Harwit:

Absolutely not. I didn't know that many people at Bronx Science. I lived in Lower Manhattan on 28th Street East, and had about 45 minutes subway ride each day. And the friends that I made were on the soccer team, and were not the most brillant scholars, perhaps. I don't remember any of the people I went to school with there. Later on in college I ran into somebody who had been a schoolmate of mine, a boy by the name of Paul Curtis who became a medical doctor; but I lost track of him, also.

DeVorkin:

But you later on found that many people had gone to Bronx High School.

Harwit:

Yes, but not in my year.

DeVorkin:

And you hadn't been aware of the legacy of the Bronx High School of Science at that time?

Harwit:

Well, I knew that they were very good, but the school wasn't all that old at the time. I think it had been formed in 1938, so by 1946 they didn't have any Nobel Laureates yet, or anything like that, except that people knew that they usually won the Westinghouse Science Scholarships.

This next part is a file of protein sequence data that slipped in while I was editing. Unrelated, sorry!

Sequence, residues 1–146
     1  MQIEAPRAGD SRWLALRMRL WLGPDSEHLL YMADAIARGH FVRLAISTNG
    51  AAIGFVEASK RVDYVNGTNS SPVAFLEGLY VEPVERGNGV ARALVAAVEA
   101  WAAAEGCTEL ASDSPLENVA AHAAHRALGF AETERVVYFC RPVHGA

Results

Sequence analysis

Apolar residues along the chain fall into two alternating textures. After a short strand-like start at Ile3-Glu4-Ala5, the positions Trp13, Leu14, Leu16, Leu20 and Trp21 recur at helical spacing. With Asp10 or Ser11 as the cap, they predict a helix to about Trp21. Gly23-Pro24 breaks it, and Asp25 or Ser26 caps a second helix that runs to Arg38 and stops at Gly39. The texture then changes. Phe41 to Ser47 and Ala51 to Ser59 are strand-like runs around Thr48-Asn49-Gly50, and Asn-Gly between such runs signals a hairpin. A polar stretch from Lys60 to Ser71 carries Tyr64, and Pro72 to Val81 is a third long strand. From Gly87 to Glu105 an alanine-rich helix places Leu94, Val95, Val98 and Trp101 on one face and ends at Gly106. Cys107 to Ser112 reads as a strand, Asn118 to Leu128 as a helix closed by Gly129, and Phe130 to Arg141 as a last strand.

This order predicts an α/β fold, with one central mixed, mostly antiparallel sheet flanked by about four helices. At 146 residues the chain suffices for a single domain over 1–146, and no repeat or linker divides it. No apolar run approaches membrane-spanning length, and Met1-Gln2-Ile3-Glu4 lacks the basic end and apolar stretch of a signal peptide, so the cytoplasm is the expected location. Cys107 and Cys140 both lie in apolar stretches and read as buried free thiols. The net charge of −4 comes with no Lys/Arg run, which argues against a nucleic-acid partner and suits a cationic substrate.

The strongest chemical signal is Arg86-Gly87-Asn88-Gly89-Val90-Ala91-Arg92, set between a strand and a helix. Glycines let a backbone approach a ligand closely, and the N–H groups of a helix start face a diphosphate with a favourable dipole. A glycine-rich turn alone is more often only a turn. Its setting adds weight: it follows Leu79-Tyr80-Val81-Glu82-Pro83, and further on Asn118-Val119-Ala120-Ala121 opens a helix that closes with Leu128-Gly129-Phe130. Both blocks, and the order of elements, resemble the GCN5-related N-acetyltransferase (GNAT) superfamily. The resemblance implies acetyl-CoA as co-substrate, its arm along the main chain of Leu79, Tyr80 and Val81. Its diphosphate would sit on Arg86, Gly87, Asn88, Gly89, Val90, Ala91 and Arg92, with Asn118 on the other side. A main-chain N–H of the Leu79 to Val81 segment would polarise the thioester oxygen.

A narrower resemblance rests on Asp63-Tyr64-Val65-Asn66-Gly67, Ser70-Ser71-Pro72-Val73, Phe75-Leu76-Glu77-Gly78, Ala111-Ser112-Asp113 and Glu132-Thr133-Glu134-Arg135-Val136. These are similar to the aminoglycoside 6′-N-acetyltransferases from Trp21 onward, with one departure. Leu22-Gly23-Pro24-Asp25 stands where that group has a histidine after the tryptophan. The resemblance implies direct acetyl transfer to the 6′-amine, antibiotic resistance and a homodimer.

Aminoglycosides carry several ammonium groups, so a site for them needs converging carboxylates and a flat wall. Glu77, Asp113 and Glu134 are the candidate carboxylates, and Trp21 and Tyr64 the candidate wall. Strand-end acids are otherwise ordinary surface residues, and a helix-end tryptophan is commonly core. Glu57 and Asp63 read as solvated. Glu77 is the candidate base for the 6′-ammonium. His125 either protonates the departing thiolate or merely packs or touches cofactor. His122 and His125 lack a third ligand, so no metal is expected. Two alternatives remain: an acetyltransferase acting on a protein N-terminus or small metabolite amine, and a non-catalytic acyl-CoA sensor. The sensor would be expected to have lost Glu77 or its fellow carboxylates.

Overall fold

DeVorkin:

Yes. Could you give me a feeling for how your interests developed as you went through the Bronx High School, because you only spent a year there.

Harwit:

I only spent my last year there. Yes.

DeVorkin:

Was it significant in your later training, your later education and interests?

Harwit:

Well, possibly. I really don't know. Remember, I still was only interested in science by default, more or less. There were a lot of things other than science that interested me in Turkey. One of the points I haven't made is that the school I went to in Turkey was really one that was rather remarkable. There were 200 boys, or less — maybe there were only 120 at various times, it grew while I was there — and there were something like 30 different nationalities represented. We once counted. There may have been more. There were children of the Chinese Ambassador, who sent them from Arkara. There were some Czech boys who were, I think, the sons or grandsons of the Czech Ambassador. There were lots of poor children who were local Levantine children. We had a lot of Maltese children, who got scholarships because it was part of the British Empire. There was an American boy, occasionally. We had a lot of German refugees, Egyptians. My best friend, who lived in the same apartment building that I grew up in, was Hungarian.

DeVorkin:

What was his name?

Harwit: